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Trayvon Martin case: use of Stand Your Ground law or pursuit of a black teen?

A grand jury in Florida and the US Justice Department will both probe the Feb. 26 shooting death of teenager Trayvon Martin. Key questions: Did the alleged gunman racially profile Trayvon? And did he use the Stand Your Ground law appropriately?

By Staff writer / March 20, 2012

Trayvon Martin poses in this undated file family photo. On Feb. 26, a self-appointed white neighborhood watch captain shot and killed Martin, who was unarmed. Local authorities have declined to press charges, citing a state law that allows people to defend themselves with deadly force.

Martin Family Photos/AP/File

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The shooting death of Florida teenager Trayvon Martin is no longer in the sole hands of local law-enforcement officials, meaning the wheels of justice appear to be moving, after a three-week delay, toward a fuller investigation of whether the shooter killed the 17-year-old in self-defense.

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On Tuesday came the announcement that Florida's Seminole County will convene a grand jury on April 10 to look into the case, even as a team from the US Justice Department's civil rights division arrived in Sanford, Fla., the community where Trayvon died Feb. 26 after he was shot by a self-appointed neighborhood watchman.

The Justice Department would not ordinarily investigate such an incident, but the fact that Trayvon was black and the alleged shooter, George Zimmerman, is part white, part Hispanic – and that local authorities declined to press charges against Mr. Zimmerman, even though Trayvon was unarmed – opens the door to a civil rights investigation on grounds the teenager came under suspicion primarily because he is African-American.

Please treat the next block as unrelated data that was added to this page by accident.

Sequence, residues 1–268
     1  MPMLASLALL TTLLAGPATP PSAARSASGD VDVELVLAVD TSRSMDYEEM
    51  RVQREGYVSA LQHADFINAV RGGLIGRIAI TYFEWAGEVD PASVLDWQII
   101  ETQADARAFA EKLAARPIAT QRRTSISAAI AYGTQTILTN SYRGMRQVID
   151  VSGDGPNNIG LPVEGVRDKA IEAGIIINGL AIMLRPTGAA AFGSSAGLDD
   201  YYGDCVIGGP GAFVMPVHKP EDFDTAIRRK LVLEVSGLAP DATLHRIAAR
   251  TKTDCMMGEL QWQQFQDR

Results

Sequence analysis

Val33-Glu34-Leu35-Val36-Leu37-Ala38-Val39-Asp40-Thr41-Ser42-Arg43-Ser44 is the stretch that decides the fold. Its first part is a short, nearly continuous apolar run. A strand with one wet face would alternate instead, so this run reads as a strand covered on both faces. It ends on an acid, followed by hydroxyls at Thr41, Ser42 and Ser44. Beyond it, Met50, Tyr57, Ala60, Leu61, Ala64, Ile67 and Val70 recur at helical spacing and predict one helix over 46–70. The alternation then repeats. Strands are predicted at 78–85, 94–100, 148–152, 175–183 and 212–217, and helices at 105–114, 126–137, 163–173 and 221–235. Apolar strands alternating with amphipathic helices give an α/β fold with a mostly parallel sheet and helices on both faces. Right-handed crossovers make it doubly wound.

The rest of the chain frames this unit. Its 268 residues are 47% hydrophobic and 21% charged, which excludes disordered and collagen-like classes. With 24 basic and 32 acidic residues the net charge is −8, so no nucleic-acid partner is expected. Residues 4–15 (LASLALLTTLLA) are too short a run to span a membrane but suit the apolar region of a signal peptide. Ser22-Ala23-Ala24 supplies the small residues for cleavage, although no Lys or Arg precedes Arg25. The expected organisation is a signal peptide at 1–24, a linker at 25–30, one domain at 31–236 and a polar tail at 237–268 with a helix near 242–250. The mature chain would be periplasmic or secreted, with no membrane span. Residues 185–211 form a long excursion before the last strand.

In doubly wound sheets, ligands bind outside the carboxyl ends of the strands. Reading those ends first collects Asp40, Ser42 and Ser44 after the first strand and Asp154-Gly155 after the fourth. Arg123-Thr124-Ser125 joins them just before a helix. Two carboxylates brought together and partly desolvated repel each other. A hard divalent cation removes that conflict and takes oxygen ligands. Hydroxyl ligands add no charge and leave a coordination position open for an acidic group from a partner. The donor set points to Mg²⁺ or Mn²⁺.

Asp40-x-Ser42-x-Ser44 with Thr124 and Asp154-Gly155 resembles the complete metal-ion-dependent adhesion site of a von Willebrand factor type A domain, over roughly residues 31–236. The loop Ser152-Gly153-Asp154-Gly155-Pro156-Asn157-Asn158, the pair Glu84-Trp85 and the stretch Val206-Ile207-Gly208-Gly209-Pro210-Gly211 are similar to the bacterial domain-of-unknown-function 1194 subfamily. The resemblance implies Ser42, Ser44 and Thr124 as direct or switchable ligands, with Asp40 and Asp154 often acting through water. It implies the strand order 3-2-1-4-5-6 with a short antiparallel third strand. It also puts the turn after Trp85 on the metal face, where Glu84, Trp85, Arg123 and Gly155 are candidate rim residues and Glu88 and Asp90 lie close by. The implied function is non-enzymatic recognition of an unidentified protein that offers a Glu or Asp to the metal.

Protests, rallies, and official pressure have been building ever since the police in Sanford declined to arrest Mr. Zimmerman. Before the shooting, Trayvon had been walking from a convenience store back to his father's fiancée's house in a gated neighborhood, with nothing more than a bag of Skittles in his pocket.

The 911 tapes, plus a report Tuesday from a girl who says she was talking with Trayvon on the phone just before the shooting, suggest that Zimmerman may have run after the teen. If true, that could allow the Justice Department to help draw the line on so-called “Stand Your Ground” laws and reaffirm civil rights protections for young men who draw suspicion by virtue of their skin color.

“The Stand Your Ground law was not intended to authorize vigilante action on the part of neighborhood watch guys when they have suspicions about the motivation of some kid walking through the neighborhood,” says James Wright, a sociologist who studies gun violence at University of Central Florida in Orlando. “To simply say this case is ambiguous and therefore can't be prosecuted opens the door for a lot of nefarious” actions to take place. In that way, he says, “this case could help draw the line between what's right and legally justifiable and what goes beyond that.”

“With all federal civil rights crimes, the government must prove beyond a reasonable doubt that a person acted intentionally and with the specific intent to do something which the law forbids – the highest level of intent in criminal law,” the Justice Department said in a statement, upon announcing it would investigate Trayvon's death. “Negligence, recklessness, mistakes and accidents are not prosecutable under the federal criminal civil rights laws.”

The case has sparked outrage across the US, as well as rallies and protests on college campuses and in the Orlando, Fla., area.

While the exact circumstances of the shooting are not clear, the preponderance of evidence seems to point toward Zimmerman overstepping the bounds of the state's Stand Your Ground law, say some legal and criminal justice experts. The law obviates an individual's "duty to retreat" from threatening situations. Zimmerman had made several previous 911 calls about suspicious people in the Retreat at Twin Lakes community.

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